Studies question Arizona’s policy on English learners
The Civil Rights Project at UCLA released nine new studies Thursday that examine the condition of English-learners in Arizona, a state where these students are segregated from other students for four hours each school day.
The project says that 21 senior scholars and advanced graduate students from four major research universities -- from Stanford and Arizona State universities, UCLA and the University of Arizona -- joined in an unprecedented collaboration to produce the reports.
The release of the papers comes at a time when Arizona has been in the national spotlight for several reasons, including its new immigration law that allows police to question anyone who appears to be in the country illegally. The U.S. Justice Department is suing Arizona over the law.
In addition, some of Arizona's education policies have come under scrutiny, including its challenge of an ethnic studies program, and an effort to remove teachers with heavy Hispanic accents from the classrooms of Hispanic English-learners. Language acquisition experts blasted the policy, and a research study in Israel concluded that students learn a second language better from a teacher who speaks in the same accent as they do.
About 10 percent of U.S. students are English-learners; in Arizona the number is about 15 percent.
In June 2009, the Supreme Court, ruling in Horne v. Flores, voted 5 to 4 in support of Arizona’s claim that it should not be required to provide more help for English-learners who are faring poorly in the state’s schools.
The Supreme Court sent the case back to Federal District Court, which needs to make key decisions about the application of the new Supreme Court ruling this fall. Concern about these issues and the deepening racial polarization in Arizona prompted the scholars to donate their time to study how Arizona’s English-learners are faring under the state’s current educational policies.
Here are highlights of the findings. You can read the papers here:
1) The approximately 15 percent of Arizona’s students who are EL are continuing to lag far behind their English-speaking peers with virtually no narrowing of achievement gaps under the state policy.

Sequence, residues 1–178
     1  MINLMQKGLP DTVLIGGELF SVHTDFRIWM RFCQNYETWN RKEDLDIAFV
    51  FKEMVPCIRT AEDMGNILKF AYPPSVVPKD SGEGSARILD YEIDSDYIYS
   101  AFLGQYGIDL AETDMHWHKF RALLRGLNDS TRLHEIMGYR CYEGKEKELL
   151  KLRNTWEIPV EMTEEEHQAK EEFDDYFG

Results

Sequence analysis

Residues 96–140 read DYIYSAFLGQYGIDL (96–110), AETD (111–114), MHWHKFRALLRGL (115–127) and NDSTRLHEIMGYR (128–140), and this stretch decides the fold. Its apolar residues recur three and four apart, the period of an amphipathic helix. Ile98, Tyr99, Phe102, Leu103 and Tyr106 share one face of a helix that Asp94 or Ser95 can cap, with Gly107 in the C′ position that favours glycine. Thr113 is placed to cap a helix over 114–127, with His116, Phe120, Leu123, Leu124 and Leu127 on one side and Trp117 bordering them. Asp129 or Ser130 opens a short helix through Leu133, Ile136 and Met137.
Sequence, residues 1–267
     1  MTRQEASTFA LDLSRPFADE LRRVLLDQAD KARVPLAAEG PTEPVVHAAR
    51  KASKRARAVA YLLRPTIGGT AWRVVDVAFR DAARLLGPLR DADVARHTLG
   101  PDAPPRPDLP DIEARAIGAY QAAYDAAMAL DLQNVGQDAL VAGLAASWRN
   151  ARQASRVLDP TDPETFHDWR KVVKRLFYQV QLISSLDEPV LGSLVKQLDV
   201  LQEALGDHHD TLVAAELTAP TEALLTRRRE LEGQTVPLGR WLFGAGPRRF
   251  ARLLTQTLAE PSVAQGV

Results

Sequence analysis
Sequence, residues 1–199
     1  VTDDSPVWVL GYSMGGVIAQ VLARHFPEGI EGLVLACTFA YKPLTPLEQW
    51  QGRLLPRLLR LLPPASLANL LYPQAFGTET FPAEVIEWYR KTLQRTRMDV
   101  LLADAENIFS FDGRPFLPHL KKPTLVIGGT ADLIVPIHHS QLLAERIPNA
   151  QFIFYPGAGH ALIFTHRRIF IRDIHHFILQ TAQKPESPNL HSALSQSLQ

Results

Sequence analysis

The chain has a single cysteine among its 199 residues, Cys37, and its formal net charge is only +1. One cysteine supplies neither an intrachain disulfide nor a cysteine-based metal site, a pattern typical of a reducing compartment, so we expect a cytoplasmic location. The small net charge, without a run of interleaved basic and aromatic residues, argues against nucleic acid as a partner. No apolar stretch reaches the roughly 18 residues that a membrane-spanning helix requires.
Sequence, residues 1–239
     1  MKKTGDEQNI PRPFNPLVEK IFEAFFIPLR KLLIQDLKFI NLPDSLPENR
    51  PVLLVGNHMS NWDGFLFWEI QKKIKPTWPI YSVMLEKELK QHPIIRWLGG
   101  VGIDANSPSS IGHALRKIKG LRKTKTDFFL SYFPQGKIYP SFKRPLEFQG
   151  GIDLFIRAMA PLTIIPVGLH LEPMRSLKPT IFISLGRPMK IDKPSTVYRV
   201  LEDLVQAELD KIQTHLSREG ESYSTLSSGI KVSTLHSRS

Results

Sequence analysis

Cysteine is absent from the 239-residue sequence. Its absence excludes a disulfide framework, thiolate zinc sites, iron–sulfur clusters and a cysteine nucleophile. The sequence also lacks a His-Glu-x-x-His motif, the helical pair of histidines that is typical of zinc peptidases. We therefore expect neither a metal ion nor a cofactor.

2) EL students are NOT gaining proficiency in English in one year as promised by the new four-hour English Language Development (ELD) block to which these students are assigned.
3) EL students are extremely segregated from their English-speaking peers in what amounts to “Mexican Rooms.”
4) Eighty-five percent of the 880 teachers surveyed from across the state of Arizona expressed concern about the educational damage of the extreme segregation these students are experiencing, and
5) The majority of these teachers did not believe most of these students were reaching grade-level standards expected of all Arizona students.
6) It is virtually impossible for secondary students who are consigned to the four-hour ELD block to take and pass the courses they need to graduate high school or go on to college. These studies raise grave concerns that secondary EL students are being set up to drop out of school, while elementary students are being stigmatized and marginalized in their schools.
Several of the studies offered recommendations for instructional models that could help these students gain access to the same curriculum as their English-speaking peers and meet with greater success in school. In addition to research-based sheltered English programs, these include bilingual and dual language programs, models that have been either outlawed or heavily discouraged in Arizona but continue to show stronger results than the program currently in operation there.
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| July 8, 2010; 2:51 PM ET
Categories: English language learners, Research | Tags: arizona and english language learners, arizona education policies, civil rights project at ucla, civil rights projects, new studies on arizona
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